#2015APPAM Student Summary: Adding a Pillar to Evidence-Based Management Symposium
Isla Schuchs Carr, Ph.D. Student
Mississippi State University
In his opening remarks, symposium chair Robert Doar, from the American Enterprise Institute, dedicated the discussion to Dennis C. Smith, a longtime APPAM member and chair of the Public Management section of the Program Committee, who passed away this past summer. He then introduced the three speakers, Vivian Tseng from the W.T. Grant Foundation, Carolyn Heinrich from Vanderbilt University and James Knickman from the New York Health Foundation.
Tseng spoke on the importance of, and difficulty in, using evidence-based research to drive decision-making. She identified some of the factors that can complicate the connections between evidence and decision-making, including politics, professional judgement, funding, local data, values and experience. Tseng also discussed the importance of the social side of evidence use, primarily the trust and relationships between the researchers and policy-makers. She also emphasized the importance of intermediary learning communities.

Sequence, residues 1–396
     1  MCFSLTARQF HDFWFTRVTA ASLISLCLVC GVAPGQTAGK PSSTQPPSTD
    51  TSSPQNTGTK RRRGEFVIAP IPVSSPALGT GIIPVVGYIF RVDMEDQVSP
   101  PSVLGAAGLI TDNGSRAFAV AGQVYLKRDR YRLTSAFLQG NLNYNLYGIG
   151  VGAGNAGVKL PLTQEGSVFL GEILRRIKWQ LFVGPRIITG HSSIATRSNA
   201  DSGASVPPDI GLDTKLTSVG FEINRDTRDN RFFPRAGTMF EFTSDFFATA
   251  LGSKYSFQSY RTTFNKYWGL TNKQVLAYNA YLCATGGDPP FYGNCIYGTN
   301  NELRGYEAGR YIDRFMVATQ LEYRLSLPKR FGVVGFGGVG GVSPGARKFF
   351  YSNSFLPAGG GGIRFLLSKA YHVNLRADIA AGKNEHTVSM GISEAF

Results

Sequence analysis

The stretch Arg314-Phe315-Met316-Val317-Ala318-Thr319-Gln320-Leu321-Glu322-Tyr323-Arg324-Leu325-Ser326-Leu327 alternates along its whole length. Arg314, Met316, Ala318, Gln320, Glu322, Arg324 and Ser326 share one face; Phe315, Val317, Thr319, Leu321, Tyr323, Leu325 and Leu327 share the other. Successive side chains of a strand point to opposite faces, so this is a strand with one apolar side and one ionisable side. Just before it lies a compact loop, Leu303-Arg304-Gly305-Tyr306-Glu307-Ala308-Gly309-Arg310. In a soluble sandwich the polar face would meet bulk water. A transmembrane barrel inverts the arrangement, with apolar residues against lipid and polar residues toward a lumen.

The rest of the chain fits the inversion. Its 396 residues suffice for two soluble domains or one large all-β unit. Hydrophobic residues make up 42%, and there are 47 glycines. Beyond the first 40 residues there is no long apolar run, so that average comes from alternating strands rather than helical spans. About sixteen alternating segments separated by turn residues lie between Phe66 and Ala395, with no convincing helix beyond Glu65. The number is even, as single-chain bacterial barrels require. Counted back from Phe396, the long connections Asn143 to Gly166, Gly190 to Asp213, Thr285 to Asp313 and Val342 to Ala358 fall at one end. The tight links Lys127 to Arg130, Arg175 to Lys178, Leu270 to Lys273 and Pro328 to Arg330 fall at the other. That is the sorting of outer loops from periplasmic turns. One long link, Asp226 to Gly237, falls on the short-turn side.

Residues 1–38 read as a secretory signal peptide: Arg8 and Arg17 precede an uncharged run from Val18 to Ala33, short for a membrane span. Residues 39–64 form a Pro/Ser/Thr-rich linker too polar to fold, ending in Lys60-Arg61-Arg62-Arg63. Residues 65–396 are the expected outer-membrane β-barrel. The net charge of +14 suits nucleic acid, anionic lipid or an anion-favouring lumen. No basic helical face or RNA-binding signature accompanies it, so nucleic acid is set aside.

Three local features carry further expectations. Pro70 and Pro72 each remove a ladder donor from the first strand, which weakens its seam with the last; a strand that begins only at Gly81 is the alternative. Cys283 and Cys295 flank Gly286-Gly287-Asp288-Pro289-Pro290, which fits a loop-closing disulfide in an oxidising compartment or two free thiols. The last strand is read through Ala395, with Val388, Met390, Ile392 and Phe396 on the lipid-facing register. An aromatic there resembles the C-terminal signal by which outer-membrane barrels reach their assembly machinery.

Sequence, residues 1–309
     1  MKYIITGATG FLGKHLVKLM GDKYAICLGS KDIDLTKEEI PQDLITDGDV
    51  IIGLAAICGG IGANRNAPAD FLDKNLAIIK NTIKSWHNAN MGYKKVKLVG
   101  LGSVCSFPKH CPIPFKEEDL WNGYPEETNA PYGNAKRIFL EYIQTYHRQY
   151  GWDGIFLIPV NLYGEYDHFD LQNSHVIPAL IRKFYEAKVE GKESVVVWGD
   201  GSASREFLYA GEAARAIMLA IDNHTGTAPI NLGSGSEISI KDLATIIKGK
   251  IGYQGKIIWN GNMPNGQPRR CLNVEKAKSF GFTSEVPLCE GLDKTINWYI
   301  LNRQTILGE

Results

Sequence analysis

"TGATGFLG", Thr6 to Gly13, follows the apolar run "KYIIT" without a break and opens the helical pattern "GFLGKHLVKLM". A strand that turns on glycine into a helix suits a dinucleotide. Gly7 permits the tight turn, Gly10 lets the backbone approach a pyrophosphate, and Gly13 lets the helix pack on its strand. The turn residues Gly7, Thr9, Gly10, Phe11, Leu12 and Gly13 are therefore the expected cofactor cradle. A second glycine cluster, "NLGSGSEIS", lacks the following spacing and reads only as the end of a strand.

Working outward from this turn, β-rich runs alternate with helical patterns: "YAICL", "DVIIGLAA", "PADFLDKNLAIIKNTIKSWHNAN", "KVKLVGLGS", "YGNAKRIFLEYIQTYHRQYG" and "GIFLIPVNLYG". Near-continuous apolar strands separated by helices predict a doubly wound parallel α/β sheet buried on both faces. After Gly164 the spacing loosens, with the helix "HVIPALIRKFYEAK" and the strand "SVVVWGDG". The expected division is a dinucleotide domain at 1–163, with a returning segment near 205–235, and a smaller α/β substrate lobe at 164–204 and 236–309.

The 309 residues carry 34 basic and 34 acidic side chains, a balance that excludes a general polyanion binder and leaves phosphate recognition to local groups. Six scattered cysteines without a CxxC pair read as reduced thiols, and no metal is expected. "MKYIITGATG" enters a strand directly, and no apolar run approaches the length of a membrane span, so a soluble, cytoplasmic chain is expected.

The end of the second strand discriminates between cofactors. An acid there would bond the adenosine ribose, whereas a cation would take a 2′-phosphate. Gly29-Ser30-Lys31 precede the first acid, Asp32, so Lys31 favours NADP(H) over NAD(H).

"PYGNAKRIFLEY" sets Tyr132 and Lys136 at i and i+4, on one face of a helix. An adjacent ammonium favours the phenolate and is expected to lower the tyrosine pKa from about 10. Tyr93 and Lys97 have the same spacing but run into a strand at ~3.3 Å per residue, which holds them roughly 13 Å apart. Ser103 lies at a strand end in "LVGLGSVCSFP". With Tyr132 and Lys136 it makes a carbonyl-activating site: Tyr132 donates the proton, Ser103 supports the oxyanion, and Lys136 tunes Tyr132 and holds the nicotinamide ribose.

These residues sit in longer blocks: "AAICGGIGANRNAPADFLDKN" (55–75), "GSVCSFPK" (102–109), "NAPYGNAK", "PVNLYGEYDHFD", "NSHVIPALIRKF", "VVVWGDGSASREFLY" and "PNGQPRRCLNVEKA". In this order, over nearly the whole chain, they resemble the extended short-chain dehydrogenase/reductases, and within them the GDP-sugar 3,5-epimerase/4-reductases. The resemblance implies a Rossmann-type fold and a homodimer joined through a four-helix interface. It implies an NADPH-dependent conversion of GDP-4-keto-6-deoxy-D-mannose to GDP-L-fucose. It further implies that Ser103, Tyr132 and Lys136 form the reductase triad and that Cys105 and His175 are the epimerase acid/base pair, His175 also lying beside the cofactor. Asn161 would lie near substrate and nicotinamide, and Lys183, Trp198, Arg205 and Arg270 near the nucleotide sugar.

Heinrich presented on the need to build capacity for results-focused public management. She stressed the importance of research-to-practice partnerships, as well as to generate and use evidence to guide implementation of policies and program improvement. “When we get on the ground, we get insights that may fundamentally change our understanding of what is the best approach,” Heinrich said. She gave an example of her work evaluating supplemental tutorial programs in school districts: districts were able to make decision that saved them money, and increased the effectiveness of the program by utilizing the research she provided.
Knickman discussed his experience dealing with managers in health policy. He pointed out that, although they are usually private sector employees, unlike many other policy area managers in areas such as education and environmental policy, healthcare managers have similarities with their public sector counterparts. Recent shifts in healthcare data storage and management have made it easier to use evidence to inform decision-making. These shifts have also transformed management values. According to Knickman, healthcare managers used to be driven by efficiency and fee-based services, whereas now they are responding to more value-based improvements. Instead of cost-recovery based decisions, managers are now primarily focused on how to get and keep people healthy.
A repeated theme that emerged during the Q&A session was the necessity for trust between the researcher and the policy-maker. Tseng said that often times managers feel that research is being done to them and not for them. APPAM President-Elect Ron Haskins commented that some of this distrust has come from past experiences where unethical researchers have oversold and overpromised results, such as in the case of the long-term effects of preschool.